Anyway, there's a general "lack-of-trying" feel to a lot of Wes' writing (not to be confused with his playing, which tends towards the complex, dynamic and harmonic, especially on this album.) A good example would be "Livin' It Up," where the wacky-sounding verse guitars bring to mind scenarios like stumbling around intoxicatedly, giggling uncontrollably to oneself about something not nearly nearly as funny when clean and sober, if you can even still remember it by then. Still, it's more complexity than one can usually expect from a rap-metal guitarist, and Boreland has always been one of my guitar-idols. On the other hand, there's some truly visceral writing in the choruses with a focus-narrowing effect that always seems to snap one back from their hypothetical stupor. Wes is good at taking you places like that. He knows how to tell a story with just clean-tone, overdrive, a handful of effects and guitar-tricks, and the notes on the fretboard.
My favorite track on this album has been "Boiler," for as long as I've been paying enough attention to it to have a favorite. The turgid, grungy, swollen overdrive on the guitar as the intro builds-up to crescendo is truly immersive (especially in high-quality audio,) and the punch packed by the guitars, drums and bass when the latter two finally do come in is tremendous. I love the contrast of the song, between the brooding ambience of the verse music and the raucous, fit-throwing slugfest of the choruses, and finally the retrospective glimmering of clean guitar with delay (the echoing effect) that follows the final "WHY!?!?!?!?!" in the last chorus, like an exhausted resignation to defeat and the realization that one's previous struggle wasn't worth the energy it cost. The video for that is pretty interesting too, if you've got a strong-enough stomach to handle the content.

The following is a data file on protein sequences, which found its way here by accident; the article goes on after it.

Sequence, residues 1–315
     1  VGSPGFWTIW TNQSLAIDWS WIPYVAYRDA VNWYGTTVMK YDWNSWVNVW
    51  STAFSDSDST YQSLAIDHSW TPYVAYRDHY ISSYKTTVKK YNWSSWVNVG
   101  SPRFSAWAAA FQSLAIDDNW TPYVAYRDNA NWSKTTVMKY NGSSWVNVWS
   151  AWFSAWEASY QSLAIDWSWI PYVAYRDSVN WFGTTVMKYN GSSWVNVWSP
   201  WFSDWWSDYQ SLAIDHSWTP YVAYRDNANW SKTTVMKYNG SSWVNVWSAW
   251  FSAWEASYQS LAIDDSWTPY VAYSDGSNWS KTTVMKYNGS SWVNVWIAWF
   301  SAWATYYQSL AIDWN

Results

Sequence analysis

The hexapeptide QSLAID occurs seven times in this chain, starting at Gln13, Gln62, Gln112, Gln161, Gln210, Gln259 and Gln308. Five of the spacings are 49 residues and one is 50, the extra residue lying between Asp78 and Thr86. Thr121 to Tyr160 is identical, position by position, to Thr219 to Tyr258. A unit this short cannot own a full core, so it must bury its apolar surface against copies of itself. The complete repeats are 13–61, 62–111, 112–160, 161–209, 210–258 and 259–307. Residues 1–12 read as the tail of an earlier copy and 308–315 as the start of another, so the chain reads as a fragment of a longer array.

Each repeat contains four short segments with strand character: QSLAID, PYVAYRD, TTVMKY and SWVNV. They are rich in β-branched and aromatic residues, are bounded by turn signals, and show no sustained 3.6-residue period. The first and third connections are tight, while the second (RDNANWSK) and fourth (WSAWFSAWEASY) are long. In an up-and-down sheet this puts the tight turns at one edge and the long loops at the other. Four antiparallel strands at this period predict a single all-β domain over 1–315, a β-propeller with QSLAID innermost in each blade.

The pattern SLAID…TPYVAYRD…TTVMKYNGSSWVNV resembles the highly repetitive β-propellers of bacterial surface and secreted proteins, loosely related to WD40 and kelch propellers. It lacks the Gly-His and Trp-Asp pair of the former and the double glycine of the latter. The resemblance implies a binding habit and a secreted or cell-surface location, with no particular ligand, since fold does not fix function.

A close-second for me would be "My Generation" because of Wes' massive guitar solo. The verse guitars in that song are definitely reminiscent of moments in "Significant Other," with a "busy city street" kind of vibe. I appreciate "Take a Look Around," but mostly because it's based on the classic theme from "Mission: Impossible." Wes, John and Sam really did that some modern-day justice. I could really do without Fred's vocals on that track, though, and much prefer the instrumental version of it that I found years ago.
I was less impressed with other songs from this album. "Getcha Groove On" felt like it was trying a bit too hard to get hip-hop-radio attention, and not really true to Limp Bizkit's style. Too much synth, and I don't think Boreland is even on that track. The "Urban Assault Vehicle" version of "Rollin'" was nothing about which to write home, either. However, any dissonance I might have experienced from those tracks quickly alleviated itself with the addition of "Hold On," in which Scott Weiland makes an appearance. The latter is soft, reflective and ambient throughout, and makes a nice rest from Fred's usual barrage of "HEY YO MY BANK ACCOUNT'S ALMOST AS BIG AS MY EGO! Chyee-uhh!! o.O"
Overall, Chocolate Starfish gets three stars out of five from me, almost four. Not their best work, but still way better than some.